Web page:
Langmaid said Vail has been working on its own climate goals, including electrifying new affordable-housing projects, transitioning Vail’s fleet of cars to be all-electric and collaborating with the rest of Eagle County.
“In 2015, we really became part of the larger countywide Climate Action Collaborative and set goals in alignment with the collaborative and the other municipalities in the valley and Basalt,” she said. “And we’ve been working in tandem with that group ever since to create policies to forward to our councils.”
Ben Bohmfalk said he’s often impressed by what neighboring communities are up to — and that sparks some competition.
“You know, we still wanna be the first one to net zero and so do all of you, right? So we're kind of competing in that way,” he said. “I think that it can be really healthy and good that we're all kind of striving to be on the cutting edge of policies that'll address the impacts of climate change.”
Although some healthy competition can be good, Bohmfalk also thinks that a new regional coalition might be needed.
“You know, I don't care if the project is in Aspen or Grand Junction or Carbondale, if it's gonna reduce X-number of metric tons of carbon from the atmosphere that's a win,” he said. “I can imagine a future in which maybe we collaborate more around those goals and contribute to each other's projects because the climate doesn't care where the reductions come from.”
Most of his fellow panelists expressed interest in building on regional efforts already underway by individual counties and groups such as CORE, Holy Cross Energy and the Roaring Fork Transportation Authority.
The panelists also acknowledged that regional collaboration requires not only better communication among neighboring governments but an effort to engage local citizens.
For Poschman, that means including more young people and students in the conversation.
“Several years ago, I was the chair of our board of commissioners and a group of kids came in from the middle school and maybe high school, and they demanded we take action,” he said. “The upshot was that we declared a climate emergency and we created a reporting program where whenever one of our departments comes to report, whether it's an annual report or a budget, they have a climate lens through which they look at everything and we've been sticking to that pretty well.”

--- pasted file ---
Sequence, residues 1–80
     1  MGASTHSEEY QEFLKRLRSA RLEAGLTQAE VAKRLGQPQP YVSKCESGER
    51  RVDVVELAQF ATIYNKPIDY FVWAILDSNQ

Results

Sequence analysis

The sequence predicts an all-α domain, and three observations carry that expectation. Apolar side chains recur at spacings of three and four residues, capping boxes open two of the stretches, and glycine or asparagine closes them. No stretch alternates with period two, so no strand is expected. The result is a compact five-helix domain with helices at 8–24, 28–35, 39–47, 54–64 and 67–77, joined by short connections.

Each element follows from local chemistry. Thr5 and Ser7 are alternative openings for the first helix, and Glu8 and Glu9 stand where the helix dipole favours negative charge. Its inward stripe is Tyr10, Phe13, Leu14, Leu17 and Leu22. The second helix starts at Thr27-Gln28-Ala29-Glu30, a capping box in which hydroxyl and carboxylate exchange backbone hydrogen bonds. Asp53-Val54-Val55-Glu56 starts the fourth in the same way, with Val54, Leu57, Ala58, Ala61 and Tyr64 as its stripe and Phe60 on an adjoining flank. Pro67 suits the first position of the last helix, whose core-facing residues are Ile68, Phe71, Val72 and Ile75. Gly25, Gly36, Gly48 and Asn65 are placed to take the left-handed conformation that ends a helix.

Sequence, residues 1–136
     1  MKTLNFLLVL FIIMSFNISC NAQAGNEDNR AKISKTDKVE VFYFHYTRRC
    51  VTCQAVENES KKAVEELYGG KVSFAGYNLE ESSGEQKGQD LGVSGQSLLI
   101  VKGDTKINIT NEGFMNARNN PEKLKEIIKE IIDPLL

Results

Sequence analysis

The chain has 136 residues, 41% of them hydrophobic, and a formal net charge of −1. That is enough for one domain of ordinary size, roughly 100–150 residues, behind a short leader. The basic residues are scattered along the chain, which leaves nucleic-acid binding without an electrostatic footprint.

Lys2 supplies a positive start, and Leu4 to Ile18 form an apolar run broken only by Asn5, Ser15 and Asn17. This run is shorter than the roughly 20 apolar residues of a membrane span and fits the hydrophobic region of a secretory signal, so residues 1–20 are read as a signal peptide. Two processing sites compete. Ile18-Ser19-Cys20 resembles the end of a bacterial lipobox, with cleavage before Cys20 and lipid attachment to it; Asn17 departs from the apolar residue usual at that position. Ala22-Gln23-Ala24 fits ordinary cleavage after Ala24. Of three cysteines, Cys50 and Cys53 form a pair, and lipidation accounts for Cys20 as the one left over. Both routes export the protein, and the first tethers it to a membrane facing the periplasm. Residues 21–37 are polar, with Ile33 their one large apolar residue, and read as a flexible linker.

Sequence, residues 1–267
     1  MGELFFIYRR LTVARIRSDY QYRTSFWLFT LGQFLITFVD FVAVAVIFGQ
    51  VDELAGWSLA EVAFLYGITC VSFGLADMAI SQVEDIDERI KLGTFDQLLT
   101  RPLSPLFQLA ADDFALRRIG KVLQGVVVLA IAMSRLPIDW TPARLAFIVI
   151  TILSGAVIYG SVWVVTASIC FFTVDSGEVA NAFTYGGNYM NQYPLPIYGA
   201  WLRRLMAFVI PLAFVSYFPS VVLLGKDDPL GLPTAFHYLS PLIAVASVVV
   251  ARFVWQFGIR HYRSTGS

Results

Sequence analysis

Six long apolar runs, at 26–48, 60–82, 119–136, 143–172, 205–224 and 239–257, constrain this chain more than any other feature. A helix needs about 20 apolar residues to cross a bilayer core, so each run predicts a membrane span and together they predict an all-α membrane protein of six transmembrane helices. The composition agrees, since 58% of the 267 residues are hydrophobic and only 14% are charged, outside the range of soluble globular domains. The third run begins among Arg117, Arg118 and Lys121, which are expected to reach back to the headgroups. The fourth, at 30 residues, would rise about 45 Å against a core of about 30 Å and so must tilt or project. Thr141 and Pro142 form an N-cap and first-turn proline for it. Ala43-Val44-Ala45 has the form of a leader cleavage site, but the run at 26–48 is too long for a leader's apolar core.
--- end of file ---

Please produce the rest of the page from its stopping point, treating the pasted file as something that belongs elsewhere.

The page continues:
Godes and Bohmfalk agreed that engaging a wide range of local residents from different backgrounds is especially important in their county.
“Garfield County is one of the biggest natural gas and oil producing counties, mostly natural gas, in the state and sometimes in the country,” Bohmfalk said. “And so within our county, we have communities that are very reliant on the natural gas industry for jobs and tax revenue and their basic economic life.”
Bohmfalk said he has been learning a lot about finding common ground on climate action from his work with Garfield Clean Energy, a collaborative group of municipalities throughout the county that helps residents, businesses and local governments become more energy efficient.
“Some language that helps us talk about these things together are words like ‘efficiency,’” he said. “You know, ‘energy independence’ sort of resonates across political divides, ‘affordability,’ talking about lowering people's electric bills, and ‘stability.’ I think everybody can get on board with that kind of stuff.”
Langmaid said it’s a worthy challenge and one that certainly isn’t new.
“It's always been this dynamic tension between environment, economic development and community — and really making sure that we can embrace all of those,” she said.
As the discussion came to a close, Torre said he’d like to see the momentum from the evening continue.
“This is great to have us all together on this stage, but going forward from this, we need to continue this conversation,” he said. “We need to be communicating more and that involves a lot of learning.”